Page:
•  31
    The uncoordinated teachers puzzle
    Episteme. forthcoming.
    Williamson (2000) argues that the KK principle is inconsistent with knowledge of margin for error in cases of inexact perceptual observations. This paper argues, primarily by analogy to a different scenario, that Williamson’s argument is fallacious. Margin for error principles describe the agent’s knowledge as a result of an inexact perceptual event, not the agent’s knowledge state in general. Therefore, epistemic agents can use their knowledge of margin for error at most once after a perceptual…Read more
  •  86
    Epistemic closure refers to the assumption that humans are able to recognize what entails or contradicts what they believe and know, or more accurately, that humans’ epistemic states are closed under logical inferences. Epistemic closure is part of a larger theory of mind ability, which is arguably crucial for downstream NLU tasks, such as inference, QA and conversation. In this project, we introduce a new automatically constructed natural language inference dataset that tests inferences related…Read more
  •  205
    Within psychology, philosophy, and cognitive science, theory of mind refers to the cognitive ability to reason about the mental states of other people, thus recognizing them as having beliefs, knowledge, intentions and emotions of their own. In this project, we construct a natural language inference (NLD) dataset that tests the ability of a state of the art language model, RoBERTa-large finetuned on the MNLI dataset, to make theory of mind inferences related to knowledge and belief. Experimental…Read more
  •  77
    Inexact knowledge and dynamic introspection
    Synthese 199 (3-4): 5509-5531. 2021.
    Cases of inexact observations have been used extensively in the recent literature on higher-order evidence and higher-order knowledge. I argue that the received understanding of inexact observations is mistaken. Although it is convenient to assume that such cases can be modeled statically, they should be analyzed as dynamic cases that involve change of knowledge. Consequently, the underlying logic should be dynamic epistemic logic, not its static counterpart. When reasoning about inexact knowled…Read more
  •  64
    Opaque Updates
    Journal of Philosophical Logic 50 (3): 447-470. 2021.
    If updating with E has the same result across all epistemically possible worlds, then the agent has no uncertainty as to the behavior of the update, and we may call it a transparent update. If an agent is uncertain about the behavior of an update, we may call it opaque. In order to model the uncertainty an agent has about the result of an update, the same update must behave differently across different possible worlds. In this paper, I study opaque updates using a simple system of dynamic episte…Read more
  •  42
    The problem of perception and the no-miracles principle
    Synthese 198 (11): 11065-11080. 2020.
    The problem of perception is the problem of explaining how perceptual knowledge is possible. The skeptic has a simple solution: it is not possible. I analyze the weaknesses of one type of skeptical reasoning by making explicit a dynamic epistemic principle from dynamic epistemic logic that is implicitly used in debating the problem, with the aim of offering a novel diagnosis to this skeptical argument. I argue that prominent modest foundationalist responses to perceptual skepticism can be unders…Read more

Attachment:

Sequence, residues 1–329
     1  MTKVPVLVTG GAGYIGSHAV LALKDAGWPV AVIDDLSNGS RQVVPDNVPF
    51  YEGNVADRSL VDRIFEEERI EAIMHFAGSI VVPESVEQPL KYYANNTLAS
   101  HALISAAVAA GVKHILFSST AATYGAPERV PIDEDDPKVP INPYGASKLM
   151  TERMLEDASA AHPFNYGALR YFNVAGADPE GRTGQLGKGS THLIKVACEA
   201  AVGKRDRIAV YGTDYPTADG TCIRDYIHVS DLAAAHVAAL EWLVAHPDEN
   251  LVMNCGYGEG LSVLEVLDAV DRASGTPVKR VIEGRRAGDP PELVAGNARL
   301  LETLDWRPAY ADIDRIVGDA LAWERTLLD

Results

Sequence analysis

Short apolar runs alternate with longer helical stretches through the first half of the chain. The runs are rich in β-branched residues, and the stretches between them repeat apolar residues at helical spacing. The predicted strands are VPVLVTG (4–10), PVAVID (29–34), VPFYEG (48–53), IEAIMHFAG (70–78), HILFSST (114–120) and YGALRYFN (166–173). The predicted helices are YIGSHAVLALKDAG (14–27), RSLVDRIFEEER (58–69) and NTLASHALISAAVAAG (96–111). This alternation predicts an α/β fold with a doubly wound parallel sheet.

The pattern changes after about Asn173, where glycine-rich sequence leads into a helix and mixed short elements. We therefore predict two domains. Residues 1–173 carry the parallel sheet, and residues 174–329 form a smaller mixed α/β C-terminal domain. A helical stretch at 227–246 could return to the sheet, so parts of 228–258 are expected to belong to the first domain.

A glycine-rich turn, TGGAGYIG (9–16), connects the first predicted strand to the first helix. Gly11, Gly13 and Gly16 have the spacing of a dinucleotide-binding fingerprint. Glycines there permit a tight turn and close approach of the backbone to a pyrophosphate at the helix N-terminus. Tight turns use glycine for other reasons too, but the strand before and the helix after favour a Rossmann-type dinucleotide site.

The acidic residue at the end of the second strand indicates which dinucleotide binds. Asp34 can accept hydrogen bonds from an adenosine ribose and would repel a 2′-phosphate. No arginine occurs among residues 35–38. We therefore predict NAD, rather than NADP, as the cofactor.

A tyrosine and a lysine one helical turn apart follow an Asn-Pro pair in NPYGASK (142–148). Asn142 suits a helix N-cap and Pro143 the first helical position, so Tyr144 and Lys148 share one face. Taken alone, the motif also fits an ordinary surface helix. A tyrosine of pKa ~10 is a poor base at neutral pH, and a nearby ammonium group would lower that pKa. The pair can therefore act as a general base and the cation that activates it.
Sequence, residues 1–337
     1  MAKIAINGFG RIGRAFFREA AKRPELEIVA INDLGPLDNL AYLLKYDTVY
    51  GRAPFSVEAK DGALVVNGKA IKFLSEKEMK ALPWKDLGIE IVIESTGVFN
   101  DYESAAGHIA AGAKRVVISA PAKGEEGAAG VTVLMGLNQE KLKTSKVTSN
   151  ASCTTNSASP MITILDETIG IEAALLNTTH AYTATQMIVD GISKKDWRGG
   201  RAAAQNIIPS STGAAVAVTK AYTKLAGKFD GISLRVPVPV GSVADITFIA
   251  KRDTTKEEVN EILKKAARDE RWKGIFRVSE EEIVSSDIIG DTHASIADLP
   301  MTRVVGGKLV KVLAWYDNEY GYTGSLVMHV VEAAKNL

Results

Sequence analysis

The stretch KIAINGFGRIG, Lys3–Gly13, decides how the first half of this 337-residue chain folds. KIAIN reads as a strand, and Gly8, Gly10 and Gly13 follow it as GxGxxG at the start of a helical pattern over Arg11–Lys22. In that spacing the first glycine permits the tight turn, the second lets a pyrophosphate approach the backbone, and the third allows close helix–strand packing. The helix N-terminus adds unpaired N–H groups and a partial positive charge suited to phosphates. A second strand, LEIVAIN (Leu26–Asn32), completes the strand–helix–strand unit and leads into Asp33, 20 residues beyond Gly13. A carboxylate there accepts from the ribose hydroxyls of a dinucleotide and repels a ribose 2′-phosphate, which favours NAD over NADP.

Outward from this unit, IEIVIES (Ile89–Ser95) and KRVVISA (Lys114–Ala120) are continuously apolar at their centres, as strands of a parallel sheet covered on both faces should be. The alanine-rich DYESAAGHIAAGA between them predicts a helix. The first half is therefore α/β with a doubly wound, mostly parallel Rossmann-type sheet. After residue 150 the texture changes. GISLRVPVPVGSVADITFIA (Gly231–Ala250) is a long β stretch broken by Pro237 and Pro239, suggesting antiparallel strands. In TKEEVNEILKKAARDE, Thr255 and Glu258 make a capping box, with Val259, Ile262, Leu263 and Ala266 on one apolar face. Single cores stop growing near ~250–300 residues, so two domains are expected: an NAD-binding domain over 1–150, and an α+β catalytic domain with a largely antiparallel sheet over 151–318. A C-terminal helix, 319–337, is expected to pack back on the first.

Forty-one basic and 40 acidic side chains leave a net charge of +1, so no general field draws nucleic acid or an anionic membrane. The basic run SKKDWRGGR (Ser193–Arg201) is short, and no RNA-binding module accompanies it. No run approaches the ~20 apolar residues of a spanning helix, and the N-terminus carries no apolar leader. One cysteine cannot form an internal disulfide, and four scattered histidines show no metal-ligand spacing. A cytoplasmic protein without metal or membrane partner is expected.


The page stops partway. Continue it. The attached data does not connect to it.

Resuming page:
•  202
    A Dynamic Epistemic Logic with a Knowability Principle
    In Logic, Rationality, and Interaction. LORI 2015. Lecture Notes in Computer Science, Springer. pp. 406-410. 2015.
    A dynamic epistemic logic is presented in which the single agent can reason about his knowledge stages before and after announcements. The logic is generated by reinterpreting multi agent private announcements in a single agent environment. It is shown that a knowability principle is valid for such logic: any initially true ϕ can be known after a certain number of announcements.
  •  34
    Reducing Contrastive Knowledge
    Erkenntnis 86 (6): 1547-1565. 2021.
    According to one form of epistemic contrastivism, due to Jonathan Schaffer, knowledge is not a binary relation between an agent and a proposition, but a ternary relation between an agent, a proposition, and a context-basing question. In a slogan: to know is to know the answer to a question. I argue, first, that Schaffer-style epistemic contrastivism can be semantically represented in inquisitive dynamic epistemic logic, a recent implementation of inquisitive semantics in the framework of dynamic…Read more
  •  29
    Explanatory Justice: The Case of Disjunctive Explanations
    Philosophy of Science 85 (3): 442-454. 2018.
    Recent years have witnessed an effort to explicate the concept of explanatory power in a Bayesian framework by constructing explanatory measures. It has been argued that those measures should not violate the principle of explanatory justice, which states that explanatory power cannot be extended “for free.” I argue, by formal means, that one recent measure claiming to be immune from explanatory injustice fails to be so. I end by concluding that the explanatory justice criticism can be dissolved,…Read more